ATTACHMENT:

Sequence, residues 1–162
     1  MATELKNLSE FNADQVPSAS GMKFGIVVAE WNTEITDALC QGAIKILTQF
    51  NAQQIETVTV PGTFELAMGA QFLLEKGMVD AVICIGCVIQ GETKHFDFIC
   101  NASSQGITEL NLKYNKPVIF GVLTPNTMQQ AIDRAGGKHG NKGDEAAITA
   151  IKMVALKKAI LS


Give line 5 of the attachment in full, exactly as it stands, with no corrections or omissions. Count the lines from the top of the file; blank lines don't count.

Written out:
   151  IKMVALKKAI LS